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14

Baking Soda and Lemon should be on the top of your list. There are different solutions to use based the situation. I have found the following site useful for a more natural and safe way to clean food and stuff around the house, http://eartheasy.com/live_nontoxic_solutions.htm


13

In addition to Baking Soda and Lemon, as @Colby mentioned, I'd add that Vinegar will clean most everything; it is non-toxic and cheap. I've found it to be very effective for getting rid of molds and musty smells. If you get Vinegar on your food, who cares, right? You could still eat it, unless you don't like the taste.


8

I'm in the cleanliness is over-hyped in our culture camp, so I probably have a different outlook than you. But, I wash surfaces mostly with just water and a cloth. If there's grease to cut or I want to damage microorganisms, I'll wipe down with vinegar. I don't even use baking soda for surfaces -- just for burned pans and such. This mild sanitation ...


7

Soap Many people, including myself, swear by castile soap such as Dr. Bronners. You can purchase it in bulk, and it has many uses other than just in washing your skin. It's one of those versatile things like baking soda and vinegar which have dozens of uses. A plastic-free alternative is a bar soap, I like the Kiss Your Face pure olive oil soap because it ...


6

The other 50% is recovered process waste - material that has been processed and recycled before it was ever sold to the consumer. It’s all recycled, but originates from different phases of the product lifecycle. Further reading: https://en.wikipedia.org/wiki/Pre-consumer_recycling


6

You'd be surprised how much you can achieve with a piece of cotton, clean water and much patience. While camping, we're cleaning all pots with water and a piece of grass or leaves. It requires more time than using detergents and hot water, but it is possible. Fats don't dissolve in water, so you can use a bit of alcohol for them. Home-made, of course :)


4

You could take a small, fast-drying (outdoor) towel with you and wash your underarms (usually the most dominant source of smell) in the toilet.


4

Our system works differently (we're responsible for an outside container as well as the indoor one) but I clean it as little as possible. The inside one can be lined (unusually, we can use plastic bags for this, they're skimmed off the top of the anaerobic digester). Check the rules in your area, but in many places you can use newspaper or compostable (...


4

Here is a good resource for compounds which can be harmful, although they are more related to health rather than environmental concern. That said, anything which is toxic to humans is likely toxic to other organisms, especially when concentrated and bioamplified. I'll summarize the environmental effects below: The really common ones you hear bad things ...


3

NO! Tea tree oil is toxic when swallowed, so I'd strongly advise against any intake of tea tree oil, and even more so if you are using it regularly. Even if you spit it out, some may be left behind and adverse effects may build up over time. Also, be very careful when taking medical advice from people on the Internet. Imagine if instead of the above I told ...


2

As I understand the smell is the problem. The naphthelene masks the smell but it too is a problem. So the issue is "How to reduce the smell" One answer is to cover it up. Anotehr answer is to dilute it. When I worked in a school we had a fly problem at some times of the year. We got a sprayer on a timer. It would put a 1 second mist of fly spray every ...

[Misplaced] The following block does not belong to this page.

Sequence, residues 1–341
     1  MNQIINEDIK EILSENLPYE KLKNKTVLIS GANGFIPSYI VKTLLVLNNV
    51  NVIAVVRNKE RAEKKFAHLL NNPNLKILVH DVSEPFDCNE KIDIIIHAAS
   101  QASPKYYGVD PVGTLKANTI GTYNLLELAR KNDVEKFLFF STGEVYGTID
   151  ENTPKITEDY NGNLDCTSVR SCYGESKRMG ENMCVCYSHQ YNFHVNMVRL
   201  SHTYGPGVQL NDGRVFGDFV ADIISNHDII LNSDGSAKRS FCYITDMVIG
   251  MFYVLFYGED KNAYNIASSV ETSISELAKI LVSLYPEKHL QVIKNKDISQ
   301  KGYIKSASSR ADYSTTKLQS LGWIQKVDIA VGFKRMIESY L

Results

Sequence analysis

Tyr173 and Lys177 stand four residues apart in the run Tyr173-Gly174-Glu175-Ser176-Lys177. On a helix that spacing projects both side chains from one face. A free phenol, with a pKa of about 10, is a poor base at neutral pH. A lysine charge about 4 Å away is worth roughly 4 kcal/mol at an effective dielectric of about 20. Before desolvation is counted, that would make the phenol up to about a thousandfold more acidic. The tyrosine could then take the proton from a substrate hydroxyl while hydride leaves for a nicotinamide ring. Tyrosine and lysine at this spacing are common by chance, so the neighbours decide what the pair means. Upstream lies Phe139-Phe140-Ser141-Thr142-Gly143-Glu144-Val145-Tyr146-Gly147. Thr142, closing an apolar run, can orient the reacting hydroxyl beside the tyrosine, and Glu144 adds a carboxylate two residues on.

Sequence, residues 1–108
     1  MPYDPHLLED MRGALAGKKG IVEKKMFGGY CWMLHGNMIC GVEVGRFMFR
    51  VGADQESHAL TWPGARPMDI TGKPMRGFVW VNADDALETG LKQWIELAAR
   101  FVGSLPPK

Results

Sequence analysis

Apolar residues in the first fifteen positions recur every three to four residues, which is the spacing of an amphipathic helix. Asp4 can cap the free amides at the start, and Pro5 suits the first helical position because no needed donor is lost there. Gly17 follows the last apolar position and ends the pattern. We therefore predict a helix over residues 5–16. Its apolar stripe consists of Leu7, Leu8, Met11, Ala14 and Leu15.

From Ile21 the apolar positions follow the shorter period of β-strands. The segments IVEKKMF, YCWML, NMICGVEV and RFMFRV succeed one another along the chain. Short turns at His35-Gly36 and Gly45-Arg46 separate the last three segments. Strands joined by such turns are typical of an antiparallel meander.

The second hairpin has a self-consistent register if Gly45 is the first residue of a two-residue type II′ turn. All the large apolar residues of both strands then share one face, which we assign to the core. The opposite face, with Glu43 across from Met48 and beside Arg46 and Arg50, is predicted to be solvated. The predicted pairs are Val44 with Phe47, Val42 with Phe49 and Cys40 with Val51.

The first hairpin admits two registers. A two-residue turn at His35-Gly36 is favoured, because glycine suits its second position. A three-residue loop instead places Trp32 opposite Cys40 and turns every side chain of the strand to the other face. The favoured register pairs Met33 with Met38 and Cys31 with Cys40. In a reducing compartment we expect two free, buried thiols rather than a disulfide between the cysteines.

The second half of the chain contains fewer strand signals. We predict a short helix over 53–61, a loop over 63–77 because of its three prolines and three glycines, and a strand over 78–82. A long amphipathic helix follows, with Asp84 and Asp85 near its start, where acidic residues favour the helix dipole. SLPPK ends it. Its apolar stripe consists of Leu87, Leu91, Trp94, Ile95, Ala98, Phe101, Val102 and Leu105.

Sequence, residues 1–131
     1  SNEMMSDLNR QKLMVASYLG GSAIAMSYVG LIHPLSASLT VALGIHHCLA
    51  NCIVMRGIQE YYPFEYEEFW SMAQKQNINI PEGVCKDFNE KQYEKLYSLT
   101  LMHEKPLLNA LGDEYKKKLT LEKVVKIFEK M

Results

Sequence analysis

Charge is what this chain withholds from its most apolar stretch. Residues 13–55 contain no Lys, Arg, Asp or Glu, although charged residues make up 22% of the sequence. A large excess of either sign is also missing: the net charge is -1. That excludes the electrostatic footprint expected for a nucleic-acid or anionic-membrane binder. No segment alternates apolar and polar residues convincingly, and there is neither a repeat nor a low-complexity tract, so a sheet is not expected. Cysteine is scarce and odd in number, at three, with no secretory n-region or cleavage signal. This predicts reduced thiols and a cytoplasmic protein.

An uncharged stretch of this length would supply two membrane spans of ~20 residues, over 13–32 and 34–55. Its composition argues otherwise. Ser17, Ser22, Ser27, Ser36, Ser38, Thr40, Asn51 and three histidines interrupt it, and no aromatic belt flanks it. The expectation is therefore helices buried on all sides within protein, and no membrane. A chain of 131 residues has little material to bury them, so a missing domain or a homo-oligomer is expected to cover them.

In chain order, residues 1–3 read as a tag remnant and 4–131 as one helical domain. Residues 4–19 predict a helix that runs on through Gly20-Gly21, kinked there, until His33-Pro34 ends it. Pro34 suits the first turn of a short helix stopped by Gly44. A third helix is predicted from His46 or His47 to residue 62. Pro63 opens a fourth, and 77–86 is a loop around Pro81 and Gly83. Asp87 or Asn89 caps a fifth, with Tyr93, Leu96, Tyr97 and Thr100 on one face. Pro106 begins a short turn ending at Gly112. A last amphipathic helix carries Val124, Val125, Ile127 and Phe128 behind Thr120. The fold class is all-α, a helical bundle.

2

The cause of body odour are the chemical produced by bacteria that live on the skin in warm, moist areas like the armpits and on feet. One way to reduce the amount of bacteria is to kill them off using vinegar. Vinegar is mild acid that certain bacteria can't survive in. Get some cheap bulk clear vinegar and apply it with a wash cloth and then rinse the ...


2

I accumulate compost in a small stainless steel bucket with a lid and a handle originally sold as an icebucket, though they gave up and now label it a compost bucket. I have had it for decades. We do not line it with paper, plastic, or anything else. I take it out and empty it as often as it gets full - sometimes more than once in a day, sometimes days ...


2

There's another completely natural and sustainable and reusable alternative, although NOT vegan. Its the lambskin condom, made from lamb's intestines.


1

Look for the adult stuff... I read here they advise to use a booster pad or "diaper doubler". Maybe this is a solution for your case? Also they are talking about "long-lasting" diaper typically found in Europe (btw Are you in the States?


1

Urine has enough digestible stuff in it that bacteria will breed, however most of these will be harmless. I have lived in houses wehre this was the practice, and there was no need to clean the toilet more often. In general pee compared to crap was something like 4-5 to one, so the toilet still got flushed frequently enough. A water conserving toilet has ...


1

"Letting it mellow" may lead to an earlier need to clean the toilet. If the toilet is cleaned using toilet cleaner, you may find that the ecological impact of the additional toilet cleaner used means that more water is used overall, due to water use from manufacturing. Other resources are also consumed during manufacturing, and waste may be generated too. I'...


1

If you want commercial products check out Good Guide, they rank products based on ingredient hazards and larger environmental impact. They have an extremely large database and rank things from cleaners to food to makeup.


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